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Mutualism, Commensalism and Amensalism

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Mutualism, Commensalism and Amensalism - Lesson Summary

In every habitat, microbes, plants and animals interact in various ways to form a community. When populations of two different species interact, it leads to interspecific interactions. Such interactions may benefit, harm or have a neutral effect on one or both species. In mutualism, both species benefit from interaction, while in commensalism, the interspecific interaction is beneficial to one species and neutral to the other. In the case of amensalism, one species is harmed and the other remains unaffected.
Plants and animals show diverse and fascinating examples of mutualism.  In lichens, algal and fungal partners live together by mutually benefitting each other. The algal partner provides food to the fungal partner and, in return, the fungal partner provides shelter to the algal partner. Mutual relationships are also seen between plants and animals. Mutualism is also seen in many orchids that have evolved to attract the right pollinator insect and ensure that pollination takes place.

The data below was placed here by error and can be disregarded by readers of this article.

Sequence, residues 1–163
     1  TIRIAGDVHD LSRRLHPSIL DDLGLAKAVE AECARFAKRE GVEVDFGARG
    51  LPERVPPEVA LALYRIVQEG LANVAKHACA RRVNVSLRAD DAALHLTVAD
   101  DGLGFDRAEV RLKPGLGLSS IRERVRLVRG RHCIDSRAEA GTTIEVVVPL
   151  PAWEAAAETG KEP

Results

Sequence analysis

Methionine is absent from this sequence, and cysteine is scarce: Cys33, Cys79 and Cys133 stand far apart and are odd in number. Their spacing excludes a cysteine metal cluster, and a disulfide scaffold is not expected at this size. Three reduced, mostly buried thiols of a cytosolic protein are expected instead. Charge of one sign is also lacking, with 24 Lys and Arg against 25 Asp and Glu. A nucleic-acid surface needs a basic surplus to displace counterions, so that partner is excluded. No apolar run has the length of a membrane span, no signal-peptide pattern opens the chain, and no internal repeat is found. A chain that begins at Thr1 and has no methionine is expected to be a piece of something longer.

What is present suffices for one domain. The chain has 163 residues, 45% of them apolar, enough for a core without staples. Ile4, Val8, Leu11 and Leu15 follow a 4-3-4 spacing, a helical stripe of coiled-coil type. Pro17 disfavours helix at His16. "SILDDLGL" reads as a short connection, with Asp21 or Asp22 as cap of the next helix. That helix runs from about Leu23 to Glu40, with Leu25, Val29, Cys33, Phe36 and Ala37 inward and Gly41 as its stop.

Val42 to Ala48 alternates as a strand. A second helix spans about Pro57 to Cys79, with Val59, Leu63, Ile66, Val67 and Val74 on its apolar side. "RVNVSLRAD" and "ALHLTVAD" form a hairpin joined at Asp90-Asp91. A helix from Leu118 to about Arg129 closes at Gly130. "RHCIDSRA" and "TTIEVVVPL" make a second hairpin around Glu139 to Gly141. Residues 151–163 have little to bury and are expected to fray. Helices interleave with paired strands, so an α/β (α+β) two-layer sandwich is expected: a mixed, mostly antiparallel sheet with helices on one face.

Apart from mutualism, another interspecific interaction is commensalism seen in plants, animals and the aquatic world. Commensalism is seen in leguminous plants such as pea, beans and lentils which are associated with the nitrogen-fixing bacteria, Rhizobium. The bacteria in the root nodules live symbiotically with the host plant. They obtain nutrition from the host plant and, in return, fix atmospheric free nitrogen as nitrites and nitrates.
Among animals, commensalism can be seen between cattle egrets and cattle.
Apart from commensalism and mutualism, amensalism is another interspecific interaction seen in nature. In this interaction, one species is harmed and the other remains unaffected. Usually in this type of interaction, an organism oozes a chemical compound, which is detrimental to another organism. The black walnut tree exudes a substance called juglone into the soil, which damages the roots of neighbouring plants, thereby preventing other plants from growing nearby. Another common example of amensalism is shown by Penicillium, a bread mold, which secretes penicillin, a chemical that kills or stops the growth of bacteria. In this manner, various species exhibit interspecific interactions like amensalism, commensalism and mutualism, that aid in their overall survival and reproduction.


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